Worker's compensation exists to help workers who are genuinely injured while conducting the duties of their job. It is a type of insurance that companies are required to carry to protect their employees. As with any other type of insurance program, there are a certain number of people who attempt to commit fraud in order to get money to which they are not entitled.
The six elements of fraud
There are six general elements that investigators look for to determine if worker's compensation fraud is taking place. These first three elements are: whether the person who reports the claim knows it is false, whether false information is reported by the employer, injured worker, witness or claims adjuster and whether the fraudulent information relates to the case. The last three elements are: the information is reported with intent to defraud, the falsehood is given to confirm or deny facts to obtain payment and the false information is spoken or in writing.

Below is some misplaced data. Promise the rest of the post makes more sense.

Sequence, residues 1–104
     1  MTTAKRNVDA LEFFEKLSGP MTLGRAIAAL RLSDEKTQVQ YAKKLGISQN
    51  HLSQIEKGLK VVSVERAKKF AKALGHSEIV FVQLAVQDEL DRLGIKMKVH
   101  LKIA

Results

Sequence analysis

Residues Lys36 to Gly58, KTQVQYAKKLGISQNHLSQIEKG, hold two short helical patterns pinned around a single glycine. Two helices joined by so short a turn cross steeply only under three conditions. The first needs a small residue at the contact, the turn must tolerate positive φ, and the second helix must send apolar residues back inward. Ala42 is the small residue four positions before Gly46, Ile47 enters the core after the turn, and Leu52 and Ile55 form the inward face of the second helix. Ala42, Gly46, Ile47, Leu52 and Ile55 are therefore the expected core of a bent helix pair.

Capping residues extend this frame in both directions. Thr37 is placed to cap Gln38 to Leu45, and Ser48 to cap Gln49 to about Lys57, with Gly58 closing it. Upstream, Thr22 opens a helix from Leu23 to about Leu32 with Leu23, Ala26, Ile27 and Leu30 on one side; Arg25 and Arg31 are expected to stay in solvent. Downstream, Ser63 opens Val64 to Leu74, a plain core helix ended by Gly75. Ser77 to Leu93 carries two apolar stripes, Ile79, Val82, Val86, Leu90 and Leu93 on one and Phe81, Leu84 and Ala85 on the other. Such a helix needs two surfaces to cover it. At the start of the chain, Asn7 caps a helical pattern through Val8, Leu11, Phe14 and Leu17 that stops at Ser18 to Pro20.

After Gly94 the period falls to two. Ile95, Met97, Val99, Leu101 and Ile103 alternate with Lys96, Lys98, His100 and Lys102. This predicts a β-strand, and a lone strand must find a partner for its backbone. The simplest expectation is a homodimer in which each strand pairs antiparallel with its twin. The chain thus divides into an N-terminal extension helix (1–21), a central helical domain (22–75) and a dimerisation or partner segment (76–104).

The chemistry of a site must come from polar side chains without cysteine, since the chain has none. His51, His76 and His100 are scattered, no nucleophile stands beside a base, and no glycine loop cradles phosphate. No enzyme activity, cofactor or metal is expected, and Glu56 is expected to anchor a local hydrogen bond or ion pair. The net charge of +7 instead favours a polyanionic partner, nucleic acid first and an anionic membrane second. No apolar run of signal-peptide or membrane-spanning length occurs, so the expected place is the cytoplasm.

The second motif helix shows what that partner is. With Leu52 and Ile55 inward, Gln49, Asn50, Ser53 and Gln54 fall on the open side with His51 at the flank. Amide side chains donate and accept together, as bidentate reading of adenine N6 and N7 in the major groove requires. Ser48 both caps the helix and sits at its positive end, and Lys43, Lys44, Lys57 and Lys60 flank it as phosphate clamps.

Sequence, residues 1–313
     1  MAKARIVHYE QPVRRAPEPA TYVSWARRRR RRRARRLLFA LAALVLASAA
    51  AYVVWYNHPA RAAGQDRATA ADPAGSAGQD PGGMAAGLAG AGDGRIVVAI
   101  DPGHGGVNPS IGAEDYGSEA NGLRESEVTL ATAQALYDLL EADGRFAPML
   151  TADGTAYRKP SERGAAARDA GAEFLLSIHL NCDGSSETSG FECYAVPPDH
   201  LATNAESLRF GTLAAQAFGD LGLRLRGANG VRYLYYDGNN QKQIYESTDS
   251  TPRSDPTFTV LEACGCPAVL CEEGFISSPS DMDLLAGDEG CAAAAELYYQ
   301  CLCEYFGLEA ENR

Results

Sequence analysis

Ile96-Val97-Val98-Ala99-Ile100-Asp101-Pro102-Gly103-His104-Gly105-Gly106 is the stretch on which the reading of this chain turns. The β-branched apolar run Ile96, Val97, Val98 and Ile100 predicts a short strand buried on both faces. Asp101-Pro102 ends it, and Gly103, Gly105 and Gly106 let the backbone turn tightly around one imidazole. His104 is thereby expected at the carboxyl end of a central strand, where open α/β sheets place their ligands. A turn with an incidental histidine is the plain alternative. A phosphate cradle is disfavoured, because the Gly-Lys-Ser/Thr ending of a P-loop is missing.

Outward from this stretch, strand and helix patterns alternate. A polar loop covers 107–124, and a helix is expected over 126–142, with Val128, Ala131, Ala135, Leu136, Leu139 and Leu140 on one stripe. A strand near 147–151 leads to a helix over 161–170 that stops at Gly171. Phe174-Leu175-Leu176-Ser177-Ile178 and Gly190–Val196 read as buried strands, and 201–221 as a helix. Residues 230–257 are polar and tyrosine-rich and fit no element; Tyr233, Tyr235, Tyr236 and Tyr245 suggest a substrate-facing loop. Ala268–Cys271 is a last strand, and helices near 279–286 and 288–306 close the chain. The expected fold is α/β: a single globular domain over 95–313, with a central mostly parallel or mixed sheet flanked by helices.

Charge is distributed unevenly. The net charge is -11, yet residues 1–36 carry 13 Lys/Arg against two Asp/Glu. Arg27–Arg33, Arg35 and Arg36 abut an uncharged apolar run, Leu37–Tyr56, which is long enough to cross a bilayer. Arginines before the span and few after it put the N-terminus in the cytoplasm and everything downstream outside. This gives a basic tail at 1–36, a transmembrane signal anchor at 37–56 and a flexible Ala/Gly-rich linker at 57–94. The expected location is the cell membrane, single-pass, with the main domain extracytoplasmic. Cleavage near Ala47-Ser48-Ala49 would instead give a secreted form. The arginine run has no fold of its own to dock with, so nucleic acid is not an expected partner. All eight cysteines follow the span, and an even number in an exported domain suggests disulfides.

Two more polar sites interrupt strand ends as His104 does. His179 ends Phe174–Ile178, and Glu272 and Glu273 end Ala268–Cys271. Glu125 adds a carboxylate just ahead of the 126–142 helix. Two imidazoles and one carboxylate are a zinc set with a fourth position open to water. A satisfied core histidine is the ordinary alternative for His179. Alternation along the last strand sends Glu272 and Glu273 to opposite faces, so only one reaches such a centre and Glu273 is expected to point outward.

The penalties for filing a false claim
The penalty for filing a false worker's compensation claim can vary widely. A judge may impose fines, restitution and probation. If a misdemeanor conviction is given it can include up to one year in jail. Depending on the specifics of the case, a judge can impose a felony conviction and up to 30 years in prison.
Worker's compensation is in place to protect all people who have jobs, in case of injury or illness caused by that job. It is important to make sure that false claims are not bogging down the process and creating delays for honest claimants.